To begin with the weaknesses - the film is meant to be three interwoven stories. The interweaving is the least compelling bit of it - the characters do appear in each other's stories, but in a highly coincidental, and not particularly interesting fashion. Secondly, the fact is, the movie isn't really that interested in two of the stories - they're really just kind of there, it seems, to beef up the primary one, namely, the story of a woman named Theresa Poh Lin Chan, whose autobiography provided the material.
Theresa is indeed a fascinating individual. At the age of 10, she became blind and deaf. Yet, she somehow managed to learn English - this completely blows my mind - and even to SPEAK it. The portion of the film dealing with her is ostensibly about her friendship with a lonely widower, but really, it's mostly about her. And she is really interesting. Curiously enough, she spends a lot of time talking about how miserable her life has been. But she's also sort of resigned to it, and puts her faith in God. This may sound uninteresting, but when you watch her, there really is something magnetic and tremendously inspiring about her. The movie is almost worth renting just to see her.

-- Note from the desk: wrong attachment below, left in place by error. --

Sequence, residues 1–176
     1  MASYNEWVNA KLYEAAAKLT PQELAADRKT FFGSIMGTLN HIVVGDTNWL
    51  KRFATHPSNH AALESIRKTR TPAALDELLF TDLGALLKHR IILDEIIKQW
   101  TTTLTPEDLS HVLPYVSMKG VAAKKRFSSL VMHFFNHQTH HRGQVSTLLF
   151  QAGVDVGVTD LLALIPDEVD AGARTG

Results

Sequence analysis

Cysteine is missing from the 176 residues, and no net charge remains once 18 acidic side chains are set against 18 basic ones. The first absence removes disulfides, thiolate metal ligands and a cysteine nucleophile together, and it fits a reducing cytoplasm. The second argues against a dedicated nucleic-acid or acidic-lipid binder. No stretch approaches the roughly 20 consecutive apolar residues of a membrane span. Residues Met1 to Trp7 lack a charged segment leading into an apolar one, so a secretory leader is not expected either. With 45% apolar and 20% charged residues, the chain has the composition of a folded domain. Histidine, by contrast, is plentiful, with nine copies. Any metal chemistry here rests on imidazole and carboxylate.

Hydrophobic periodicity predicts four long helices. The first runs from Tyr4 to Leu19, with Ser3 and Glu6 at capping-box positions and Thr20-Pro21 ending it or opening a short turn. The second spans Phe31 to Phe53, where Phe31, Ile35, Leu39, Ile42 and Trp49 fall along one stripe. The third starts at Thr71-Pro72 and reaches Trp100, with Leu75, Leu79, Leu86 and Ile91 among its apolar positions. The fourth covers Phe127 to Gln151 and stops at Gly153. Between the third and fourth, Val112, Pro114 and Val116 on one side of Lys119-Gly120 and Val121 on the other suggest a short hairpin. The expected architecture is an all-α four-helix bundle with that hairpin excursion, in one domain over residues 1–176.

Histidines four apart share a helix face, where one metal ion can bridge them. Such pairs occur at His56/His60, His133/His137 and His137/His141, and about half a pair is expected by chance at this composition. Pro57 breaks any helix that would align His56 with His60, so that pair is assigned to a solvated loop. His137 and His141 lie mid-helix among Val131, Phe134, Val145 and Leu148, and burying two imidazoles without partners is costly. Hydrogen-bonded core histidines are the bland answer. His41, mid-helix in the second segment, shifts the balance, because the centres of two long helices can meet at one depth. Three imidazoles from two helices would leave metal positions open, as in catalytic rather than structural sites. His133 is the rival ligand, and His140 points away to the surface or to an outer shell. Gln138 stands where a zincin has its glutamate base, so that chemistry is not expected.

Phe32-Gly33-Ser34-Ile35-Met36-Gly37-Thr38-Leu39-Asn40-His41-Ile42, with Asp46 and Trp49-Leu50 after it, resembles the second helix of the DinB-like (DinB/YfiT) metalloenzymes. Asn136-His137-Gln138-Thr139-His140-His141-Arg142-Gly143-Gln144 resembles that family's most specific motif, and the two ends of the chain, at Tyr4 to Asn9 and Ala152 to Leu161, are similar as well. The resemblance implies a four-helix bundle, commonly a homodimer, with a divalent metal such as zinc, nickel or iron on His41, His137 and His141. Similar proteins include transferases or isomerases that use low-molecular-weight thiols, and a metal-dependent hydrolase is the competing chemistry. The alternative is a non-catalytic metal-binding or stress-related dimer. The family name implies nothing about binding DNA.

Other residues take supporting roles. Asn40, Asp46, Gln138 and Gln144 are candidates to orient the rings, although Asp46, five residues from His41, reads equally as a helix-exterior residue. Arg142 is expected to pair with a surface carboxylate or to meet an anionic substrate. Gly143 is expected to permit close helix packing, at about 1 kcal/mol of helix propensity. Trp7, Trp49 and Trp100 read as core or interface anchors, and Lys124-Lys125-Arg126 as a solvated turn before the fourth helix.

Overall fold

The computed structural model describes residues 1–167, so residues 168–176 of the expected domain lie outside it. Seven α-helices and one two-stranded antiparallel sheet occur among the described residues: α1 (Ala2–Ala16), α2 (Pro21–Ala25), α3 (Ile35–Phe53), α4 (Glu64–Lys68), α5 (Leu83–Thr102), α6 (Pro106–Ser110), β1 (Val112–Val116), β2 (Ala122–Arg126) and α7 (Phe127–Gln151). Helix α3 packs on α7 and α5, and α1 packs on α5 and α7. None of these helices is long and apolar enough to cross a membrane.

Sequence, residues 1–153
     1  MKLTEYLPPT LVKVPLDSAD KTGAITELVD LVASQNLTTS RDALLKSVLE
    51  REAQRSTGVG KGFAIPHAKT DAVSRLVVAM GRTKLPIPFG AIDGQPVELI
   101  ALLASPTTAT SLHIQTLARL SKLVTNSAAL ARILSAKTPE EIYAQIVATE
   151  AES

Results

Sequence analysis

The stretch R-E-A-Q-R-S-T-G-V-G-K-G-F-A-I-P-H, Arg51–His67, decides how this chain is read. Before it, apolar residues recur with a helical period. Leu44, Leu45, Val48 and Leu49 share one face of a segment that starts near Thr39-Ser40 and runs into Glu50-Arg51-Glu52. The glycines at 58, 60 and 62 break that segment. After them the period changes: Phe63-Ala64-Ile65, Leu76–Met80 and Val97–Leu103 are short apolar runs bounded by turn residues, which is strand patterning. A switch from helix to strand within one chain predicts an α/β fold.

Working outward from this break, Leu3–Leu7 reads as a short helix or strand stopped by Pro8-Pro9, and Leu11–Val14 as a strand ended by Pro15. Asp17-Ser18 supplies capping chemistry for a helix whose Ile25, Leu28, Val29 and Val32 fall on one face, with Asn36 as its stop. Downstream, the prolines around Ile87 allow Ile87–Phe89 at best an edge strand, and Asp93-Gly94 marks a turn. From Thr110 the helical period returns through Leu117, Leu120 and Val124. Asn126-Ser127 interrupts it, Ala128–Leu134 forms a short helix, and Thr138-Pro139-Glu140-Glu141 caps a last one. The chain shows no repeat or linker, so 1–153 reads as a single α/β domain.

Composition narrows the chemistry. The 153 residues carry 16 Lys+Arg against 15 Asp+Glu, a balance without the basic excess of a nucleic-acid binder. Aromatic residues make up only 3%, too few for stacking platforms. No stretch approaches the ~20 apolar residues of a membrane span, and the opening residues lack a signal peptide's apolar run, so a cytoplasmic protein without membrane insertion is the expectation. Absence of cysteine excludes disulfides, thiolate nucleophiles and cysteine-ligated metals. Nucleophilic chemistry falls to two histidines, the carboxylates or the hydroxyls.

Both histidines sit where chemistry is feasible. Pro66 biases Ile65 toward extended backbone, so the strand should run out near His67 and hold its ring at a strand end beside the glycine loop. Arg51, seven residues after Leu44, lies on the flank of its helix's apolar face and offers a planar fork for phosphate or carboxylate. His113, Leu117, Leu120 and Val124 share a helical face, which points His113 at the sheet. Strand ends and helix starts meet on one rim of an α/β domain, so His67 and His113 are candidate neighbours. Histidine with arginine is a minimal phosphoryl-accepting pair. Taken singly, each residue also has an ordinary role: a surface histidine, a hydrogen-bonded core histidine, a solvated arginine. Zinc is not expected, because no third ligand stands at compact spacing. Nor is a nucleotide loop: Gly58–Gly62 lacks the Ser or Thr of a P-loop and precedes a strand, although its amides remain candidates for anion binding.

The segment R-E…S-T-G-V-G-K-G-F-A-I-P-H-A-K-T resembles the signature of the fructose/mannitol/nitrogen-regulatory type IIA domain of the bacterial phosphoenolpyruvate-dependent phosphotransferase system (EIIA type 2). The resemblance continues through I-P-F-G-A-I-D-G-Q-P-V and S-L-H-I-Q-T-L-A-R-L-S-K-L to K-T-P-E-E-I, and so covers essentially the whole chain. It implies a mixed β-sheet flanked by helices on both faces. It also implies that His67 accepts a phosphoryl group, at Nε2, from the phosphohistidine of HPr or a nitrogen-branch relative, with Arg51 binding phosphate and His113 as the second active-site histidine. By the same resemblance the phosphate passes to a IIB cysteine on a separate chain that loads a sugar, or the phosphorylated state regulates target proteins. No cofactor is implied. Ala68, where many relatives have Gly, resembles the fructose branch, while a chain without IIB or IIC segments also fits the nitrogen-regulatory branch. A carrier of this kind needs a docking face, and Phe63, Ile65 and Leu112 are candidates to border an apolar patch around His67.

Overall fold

The other somewhat interesting aspect is the narrative mode of the film. In that a lot of the story is conveyed non-verbally, through text messages and internet chats, or a letter that one character is trying to write. In fact, most of the speech in the movie is Theresa's. But there are also a lot of shots of people speaking to her, namely, signing into her hand. There's something really neat about the way the film propels itself through all these various modes of communication. It makes me think about realism and storytelling, and what the most appropriate form of a realistic story would seem to be.
Ultimately though - it's not that compelling a movie, mostly because the first two stories are basically tired cliches. So there you have it.